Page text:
In a pen test, you aren’t going to truly hide your attack from the organization—after all, you were hired to report vulnerabilities to the client, not to keep them secret. However, you can still try to cover your tracks at the end of the test to demonstrate to the client that they’ll have serious difficulties handling an incident. If you’re authorized to go through with this type of anti-forensics attack, then you should first make sure that you’ve recorded all of the data you’ll need for your final report. You don’t want to delete all evidence of your attack, only to later be unable to present that evidence to the organization as proof of compromise. You should also be careful not to cause any collateral damage and erase important data that wasn’t part of the attack.
Check out timestomp in mimikatz:
Techniques for Covering Your Tracks
The following are some example techniques you can use to cover your tracks:
- Clearing whole event logs. Tools like Metasploit include commands for clearing an entire event log on a machine that you’re currently exploiting. Because it clears every log rather than specific ones, this may raise suspicion; however, it can still make it harder for a forensic analyst to do their job. In a Meterpreter session, clearev will clear all Windows event logs. If you have a direct command shell, you can also clear individual log categories. For example: wevtutil cl Application clears the application log. To clear logs on a Linux system, you can use one of several methods that you’d use to clear any text file. For example, to clear the syslog: echo “” > /var/log/syslog.
- Clearing specific event log entries. Rather than wiping a log entirely and giving investigators something to be suspicious about, you can instead remove specific entries that would reveal your attack. For example, say you’ve logged in to a Linux system using a backdoor account called “backdr”. Before leaving, you could wipe any entries in auth.log that show the account logging in, rather than clearing the entire log. You can use a variety of methods to do this. The following example uses sed to delete all lines matching the given string while keeping the other lines intact: sed -i ‘/backdr/d’ /var/log/auth.log.
- Changing or forging event log entries. Rather than directly removing an entry or an entire log, it may be more beneficial to simply alter entries. For example, altering a user logon entry in Windows security logs may enable you to frame another individual. You could also forge an event by stealing a privileged user’s token and then performing a malicious task; the event will be recorded as if it were performed by the user whose token you stole. You can steal a Windows user’s token in Meterpreter by entering steal_token <PID> where <PID> is the process ID of a process that is owned by the user whose token you want to steal.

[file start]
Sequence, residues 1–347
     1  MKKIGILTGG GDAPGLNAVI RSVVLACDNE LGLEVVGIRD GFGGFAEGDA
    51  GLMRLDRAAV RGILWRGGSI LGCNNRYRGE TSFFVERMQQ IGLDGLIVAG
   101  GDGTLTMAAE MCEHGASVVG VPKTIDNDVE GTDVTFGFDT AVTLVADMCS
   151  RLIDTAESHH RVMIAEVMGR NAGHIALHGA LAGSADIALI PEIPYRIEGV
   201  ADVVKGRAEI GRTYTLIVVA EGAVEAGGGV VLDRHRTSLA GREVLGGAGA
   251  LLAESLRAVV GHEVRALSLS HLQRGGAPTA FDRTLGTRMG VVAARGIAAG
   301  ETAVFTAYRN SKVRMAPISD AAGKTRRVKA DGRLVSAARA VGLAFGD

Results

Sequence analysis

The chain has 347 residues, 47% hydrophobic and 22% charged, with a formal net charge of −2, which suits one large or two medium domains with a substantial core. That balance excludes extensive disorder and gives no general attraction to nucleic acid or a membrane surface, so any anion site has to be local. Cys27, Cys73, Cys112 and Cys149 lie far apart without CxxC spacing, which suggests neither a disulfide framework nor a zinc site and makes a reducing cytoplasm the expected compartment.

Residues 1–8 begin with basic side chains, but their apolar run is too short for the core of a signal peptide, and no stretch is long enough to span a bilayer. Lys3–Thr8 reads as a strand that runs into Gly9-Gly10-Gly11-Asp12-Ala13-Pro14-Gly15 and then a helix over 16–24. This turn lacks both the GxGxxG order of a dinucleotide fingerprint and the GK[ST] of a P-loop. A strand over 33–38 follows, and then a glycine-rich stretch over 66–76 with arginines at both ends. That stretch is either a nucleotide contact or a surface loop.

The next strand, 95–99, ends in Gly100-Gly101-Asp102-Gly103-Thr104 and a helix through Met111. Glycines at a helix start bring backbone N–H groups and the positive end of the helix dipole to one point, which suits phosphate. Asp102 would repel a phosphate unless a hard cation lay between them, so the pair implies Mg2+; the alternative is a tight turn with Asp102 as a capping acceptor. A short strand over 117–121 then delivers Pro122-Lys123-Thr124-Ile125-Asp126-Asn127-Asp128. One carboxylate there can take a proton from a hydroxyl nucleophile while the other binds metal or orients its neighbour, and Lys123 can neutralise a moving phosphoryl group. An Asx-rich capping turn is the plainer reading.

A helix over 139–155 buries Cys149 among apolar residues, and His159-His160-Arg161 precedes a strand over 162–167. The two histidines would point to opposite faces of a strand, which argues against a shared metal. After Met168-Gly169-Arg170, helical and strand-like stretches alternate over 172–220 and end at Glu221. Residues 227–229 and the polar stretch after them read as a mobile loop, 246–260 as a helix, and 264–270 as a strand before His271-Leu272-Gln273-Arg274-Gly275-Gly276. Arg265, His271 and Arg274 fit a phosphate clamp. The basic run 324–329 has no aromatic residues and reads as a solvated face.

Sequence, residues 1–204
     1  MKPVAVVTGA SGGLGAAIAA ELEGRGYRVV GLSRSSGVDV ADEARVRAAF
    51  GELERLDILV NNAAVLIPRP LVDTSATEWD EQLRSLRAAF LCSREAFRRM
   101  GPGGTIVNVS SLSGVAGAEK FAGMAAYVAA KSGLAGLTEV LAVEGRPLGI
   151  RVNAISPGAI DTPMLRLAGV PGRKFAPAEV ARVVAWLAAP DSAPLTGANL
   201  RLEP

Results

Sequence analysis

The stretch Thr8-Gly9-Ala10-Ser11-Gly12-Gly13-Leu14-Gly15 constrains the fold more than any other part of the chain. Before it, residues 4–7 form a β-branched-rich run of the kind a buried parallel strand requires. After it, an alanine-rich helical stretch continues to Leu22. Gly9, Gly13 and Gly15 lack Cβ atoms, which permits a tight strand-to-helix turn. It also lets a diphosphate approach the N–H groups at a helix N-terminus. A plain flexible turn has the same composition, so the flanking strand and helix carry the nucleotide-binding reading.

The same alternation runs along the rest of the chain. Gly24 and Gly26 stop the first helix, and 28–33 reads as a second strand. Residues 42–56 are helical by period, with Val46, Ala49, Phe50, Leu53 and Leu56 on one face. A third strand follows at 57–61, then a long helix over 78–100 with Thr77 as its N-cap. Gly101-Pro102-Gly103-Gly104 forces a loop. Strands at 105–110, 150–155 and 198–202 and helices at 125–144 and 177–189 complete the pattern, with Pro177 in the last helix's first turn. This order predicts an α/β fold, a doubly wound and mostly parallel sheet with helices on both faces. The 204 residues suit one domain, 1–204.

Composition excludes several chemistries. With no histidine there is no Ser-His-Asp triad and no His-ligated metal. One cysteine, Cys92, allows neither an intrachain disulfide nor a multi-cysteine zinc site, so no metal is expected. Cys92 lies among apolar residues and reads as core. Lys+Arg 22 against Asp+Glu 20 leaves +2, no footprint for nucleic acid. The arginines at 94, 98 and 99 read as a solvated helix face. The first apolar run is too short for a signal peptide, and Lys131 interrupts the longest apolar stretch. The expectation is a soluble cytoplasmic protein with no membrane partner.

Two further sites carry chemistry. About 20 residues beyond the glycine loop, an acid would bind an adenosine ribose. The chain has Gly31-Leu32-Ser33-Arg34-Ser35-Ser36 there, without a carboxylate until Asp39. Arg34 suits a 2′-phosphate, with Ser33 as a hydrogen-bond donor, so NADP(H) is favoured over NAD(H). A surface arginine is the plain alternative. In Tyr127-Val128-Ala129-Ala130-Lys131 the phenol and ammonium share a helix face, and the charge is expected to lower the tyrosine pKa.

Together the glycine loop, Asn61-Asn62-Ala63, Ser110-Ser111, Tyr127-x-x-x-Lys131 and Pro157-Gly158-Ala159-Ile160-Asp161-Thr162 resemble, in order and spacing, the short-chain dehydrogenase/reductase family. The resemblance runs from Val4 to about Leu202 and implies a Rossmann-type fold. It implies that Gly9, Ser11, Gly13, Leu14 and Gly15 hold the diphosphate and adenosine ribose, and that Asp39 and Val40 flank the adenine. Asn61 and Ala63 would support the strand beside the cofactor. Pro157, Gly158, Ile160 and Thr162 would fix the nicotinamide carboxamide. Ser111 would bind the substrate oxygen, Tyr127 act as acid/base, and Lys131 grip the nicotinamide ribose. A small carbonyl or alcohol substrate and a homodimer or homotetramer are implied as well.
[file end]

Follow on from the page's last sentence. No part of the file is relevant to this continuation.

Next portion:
- Erasing shell history. Certain shells, like Bash shells on Linux, store the last n commands in history. A forensic analyst can retrieve this history and piece together your executed commands. However, you can cover your tracks by setting the command history to zero before executing the commands. For a Bash shell, this command is export HISTSIZE=0. In case the system has already recorded a shell history and you want to delete it, you can enter echo “” > ~/.bash_history and history -c. On Windows, you can clear the history of cmd.exe by pressing Alt+F7 or by simply terminating the process. You clear the history in PowerShell by using the Clear-History cmdlet.
- Shredding files or erasing data securely. Since simply deleting a file using standard OS features won’t erase that file securely, you may want to perform data wiping techniques to prevent forensic investigators from recovering the incriminating information. On Linux systems, this is known as shredding, because the shred command can overwrite files on storage to ensure complete removal. For example, the command shred -zu /root/keylog.bin will overwrite the file with zeros to hide the fact that it was shredded, then the file will be removed. Windows doesn’t have a built-in command-line equivalent to file-based shredding, but you can overwrite an entire volume with zeros by formatting the volume: format d: /fs:NTFS /p:1 where the /p switch indicates how many passes the zeroing operation will do.
- Changing timestamp values. Good forensic investigators will attempt to reconstruct a narrative of events by correlating event data. One of the most important attributes in event correlation is time. If you can modify the time that certain events are recorded, you can deceive investigators into believing a false narrative. Changing time-based values is not just limited to event logs, either. Altering a file’s MACE (modified, accessed, created, entry modified) metadata can confuse and misdirect investigators into thinking that your attack happened at a different time, or has lasted for a longer or shorter amount of time than it actually has. You can use the timestomp command in Meterpreter to change MACE values. The command timestomp file.docx -z “07/21/2018 16:21:05” changes all four MACE values for a file to the specified time.
Guidelines for Using Anti-Forensics Techniques
When using anti-forensics techniques:
- Assess the organization’s susceptibility to anti-forensics techniques.
- Leverage buffer overflows to disrupt forensic tools.
- Leverage techniques like memory residents and VM detection to hide the existence or purpose of malware.
- Cover your tracks to avoid being identified or having your attack detected.
- Keep in mind that you need to deliver a report to the client and shouldn’t truly hide the attack.
- Ensure you aren’t causing collateral damage when covering your tracks.
- Clear, modify, or falsify event logs to mislead analysts looking for a record of malicious activity.
- Erase shell history to remove traces of the commands you executed.
- Shred or securely erase files to remove traces from the system.
- Change timestamp values in events and files to make it more difficult for analysts to formulate a coherent narrative.